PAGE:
After briefly quieting down, tempers flared again in Ferguson, Mo. over the killing of an unarmed black teenager by police. The chaos in America once again sparked discussion around the world, with Egypt even weighing in on the protests. Bob Herbert argues that the idea of a “post-racist” America after Barack Obama’s election was a delusion and the country has moved “backwards.” UCLA professor Adam Winkler observes that American police are “trained to live in fear” because so many people have guns in the United States.

Finally, a sad note closer to our digital home. Jehangir Pocha, The WorldPost contributing editor from India, died suddenly of a heart attack at age 45. Indian Prime Minister Narendra Modi tweeted: “His frank and insightful views on issues will be missed.”

We will also miss him here.


EDITORS: Nathan Gardels, Senior Advisor to the Berggruen Institute on Governance and the long-time editor of NPQ and the Global Viewpoint Network of the Los Angeles Times Syndicate/Tribune Media, is the Editor-in-Chief of The WorldPost. Farah Mohamed is the Managing Editor of The WorldPost. Kathleen Miles is the Senior Editor of the WorldPost. Alex Gardels is the Associate Editor of The WorldPost. Nicholas Sabloff is the Executive International Editor at the Huffington Post, overseeing The WorldPost and HuffPost’s 10 international editions. Eline Gordts is HuffPost’s World Editor.

CORRESPONDENTS: Sophia Jones in Istanbul; Matt Sheehan in Beijing.

EDITORIAL BOARD: Nicolas Berggruen, Nathan Gardels, Arianna Huffington, Eric Schmidt (Google Inc.), Pierre Omidyar (First Look Media) Juan Luis Cebrian (El Pais/PRISA), Walter Isaacson (Aspen Institute/TIME-CNN), John Elkann (Corriere della Sera, La Stampa), Wadah Khanfar (Al Jazeera), Dileep Padgaonkar (Times of India) and Yoichi Funabashi (Asahi Shimbun). Sergio Munoz Bata is Contributing Editor-At-Large.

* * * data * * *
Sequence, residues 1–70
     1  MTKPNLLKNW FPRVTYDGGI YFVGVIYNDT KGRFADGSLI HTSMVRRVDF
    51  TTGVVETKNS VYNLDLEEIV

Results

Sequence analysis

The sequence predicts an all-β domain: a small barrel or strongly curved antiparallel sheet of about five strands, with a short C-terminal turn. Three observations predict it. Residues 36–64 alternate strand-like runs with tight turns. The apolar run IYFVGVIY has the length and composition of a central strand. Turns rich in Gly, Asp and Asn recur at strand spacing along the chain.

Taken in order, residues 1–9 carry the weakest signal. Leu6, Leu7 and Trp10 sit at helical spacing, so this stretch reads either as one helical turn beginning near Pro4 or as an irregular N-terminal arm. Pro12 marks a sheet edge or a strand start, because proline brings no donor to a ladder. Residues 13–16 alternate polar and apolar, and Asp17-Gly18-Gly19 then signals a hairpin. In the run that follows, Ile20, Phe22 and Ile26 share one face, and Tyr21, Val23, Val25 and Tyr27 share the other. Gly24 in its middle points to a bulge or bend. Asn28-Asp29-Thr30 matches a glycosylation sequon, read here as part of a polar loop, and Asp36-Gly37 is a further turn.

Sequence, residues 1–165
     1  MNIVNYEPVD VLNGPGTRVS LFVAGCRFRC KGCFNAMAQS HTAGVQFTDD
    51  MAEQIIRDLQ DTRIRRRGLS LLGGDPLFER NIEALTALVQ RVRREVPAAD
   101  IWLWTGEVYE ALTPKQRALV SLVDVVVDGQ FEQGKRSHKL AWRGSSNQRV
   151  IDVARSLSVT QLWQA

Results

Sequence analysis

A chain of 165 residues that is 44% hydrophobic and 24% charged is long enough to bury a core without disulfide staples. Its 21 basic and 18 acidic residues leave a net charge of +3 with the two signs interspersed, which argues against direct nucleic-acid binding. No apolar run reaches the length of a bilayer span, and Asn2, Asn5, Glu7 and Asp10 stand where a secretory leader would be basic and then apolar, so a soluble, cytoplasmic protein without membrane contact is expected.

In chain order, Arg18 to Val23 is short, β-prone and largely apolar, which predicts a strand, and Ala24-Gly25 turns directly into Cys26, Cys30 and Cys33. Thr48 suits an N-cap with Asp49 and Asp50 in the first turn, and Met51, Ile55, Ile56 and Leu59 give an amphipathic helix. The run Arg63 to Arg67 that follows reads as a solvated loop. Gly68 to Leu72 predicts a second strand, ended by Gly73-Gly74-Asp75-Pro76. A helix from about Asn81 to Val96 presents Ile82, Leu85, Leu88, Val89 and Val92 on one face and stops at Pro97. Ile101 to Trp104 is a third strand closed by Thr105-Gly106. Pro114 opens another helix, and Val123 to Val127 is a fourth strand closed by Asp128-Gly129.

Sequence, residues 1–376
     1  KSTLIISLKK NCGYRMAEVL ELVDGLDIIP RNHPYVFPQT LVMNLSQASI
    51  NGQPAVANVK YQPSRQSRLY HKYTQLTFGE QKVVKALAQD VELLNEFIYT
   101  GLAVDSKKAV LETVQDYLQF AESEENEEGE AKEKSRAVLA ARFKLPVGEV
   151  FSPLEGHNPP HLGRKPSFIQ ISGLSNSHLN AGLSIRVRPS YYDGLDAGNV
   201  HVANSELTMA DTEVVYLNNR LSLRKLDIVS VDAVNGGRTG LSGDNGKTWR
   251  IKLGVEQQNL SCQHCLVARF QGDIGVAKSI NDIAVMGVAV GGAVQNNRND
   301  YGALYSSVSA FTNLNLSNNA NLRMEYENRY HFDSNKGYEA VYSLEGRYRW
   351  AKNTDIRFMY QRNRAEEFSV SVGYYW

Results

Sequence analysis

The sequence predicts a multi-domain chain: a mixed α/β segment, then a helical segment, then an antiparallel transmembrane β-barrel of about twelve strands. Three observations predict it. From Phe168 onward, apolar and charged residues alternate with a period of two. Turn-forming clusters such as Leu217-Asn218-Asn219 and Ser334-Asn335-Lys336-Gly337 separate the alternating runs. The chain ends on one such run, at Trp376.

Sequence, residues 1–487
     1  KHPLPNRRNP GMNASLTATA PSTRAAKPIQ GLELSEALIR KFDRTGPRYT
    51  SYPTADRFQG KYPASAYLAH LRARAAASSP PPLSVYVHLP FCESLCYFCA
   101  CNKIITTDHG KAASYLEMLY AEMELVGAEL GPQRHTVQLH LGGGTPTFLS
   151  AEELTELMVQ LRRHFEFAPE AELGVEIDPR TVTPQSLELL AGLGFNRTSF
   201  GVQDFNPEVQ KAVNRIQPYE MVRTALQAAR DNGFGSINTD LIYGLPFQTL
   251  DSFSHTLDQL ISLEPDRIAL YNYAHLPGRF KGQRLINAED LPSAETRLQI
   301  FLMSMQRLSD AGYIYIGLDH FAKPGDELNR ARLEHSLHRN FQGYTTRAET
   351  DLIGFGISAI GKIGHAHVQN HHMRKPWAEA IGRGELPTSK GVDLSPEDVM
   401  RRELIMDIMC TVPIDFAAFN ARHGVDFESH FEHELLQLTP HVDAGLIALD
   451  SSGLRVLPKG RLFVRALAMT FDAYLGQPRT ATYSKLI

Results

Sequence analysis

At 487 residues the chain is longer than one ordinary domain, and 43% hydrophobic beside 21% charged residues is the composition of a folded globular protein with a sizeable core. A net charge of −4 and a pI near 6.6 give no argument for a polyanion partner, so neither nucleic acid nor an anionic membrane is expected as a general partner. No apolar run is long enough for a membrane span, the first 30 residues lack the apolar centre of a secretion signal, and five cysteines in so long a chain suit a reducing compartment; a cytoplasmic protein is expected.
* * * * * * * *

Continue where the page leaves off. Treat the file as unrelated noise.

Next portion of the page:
CONTRIBUTING EDITORS: Moises Naim (former editor of Foreign Policy) and Nayan Chanda (Yale/Global; Far Eastern Economic Review) and Katherine Keating (One-On-One).

The Asia Society and its ChinaFile, edited by Orville Schell, is our primary partner on Asia coverage. Eric X. Li and the Chunqiu Institute/Fudan University in Shanghai and Guancha.cn also provide first person voices from China. We also draw on the content of China Digital Times. Seung-yoon Lee is The WorldPost link in South Korea.

Jared Cohen of Google Ideas provides regular commentary from young thinkers, leaders and activists around the globe. Bruce Mau provides regular columns from MassiveChangeNetwork.com on the “whole mind” way of thinking. Patrick Soon-Shiong is Contributing Editor for Health and Medicine.

ADVISORY COUNCIL: Members of the Berggruen Institute’s 21st Century Council and Council for the Future of Europe serve as the Advisory Council — as well as regular contributors — to the site. These include, Jacques Attali, Shaukat Aziz, Gordon Brown, Fernando Henrique Cardoso, Juan Luis Cebrian, Jack Dorsey, Mohamed El-Erian, Francis Fukuyama, Felipe Gonzalez, John Gray, Reid Hoffman, Fred Hu, Mo Ibrahim, Alexei Kudrin, Pascal Lamy, Kishore Mahbubani, Alain Minc, Dambisa Moyo, Laura Tyson, Elon Musk, Pierre Omidyar, Raghuram Rajan, Nouriel Roubini, Nicolas Sarkozy, Eric Schmidt, Gerhard Schroeder, Peter Schwartz, Amartya Sen, Jeff Skoll, Michael Spence, Joe Stiglitz, Larry Summers, Wu Jianmin, George Yeo, Fareed Zakaria, Ernesto Zedillo, Ahmed Zewail, and Zheng Bijian.

From the Europe group, these include: Marek Belka, Tony Blair, Jacques Delors, Niall Ferguson, Anthony Giddens, Otmar Issing, Mario Monti, Robert Mundell, Peter Sutherland and Guy Verhofstadt.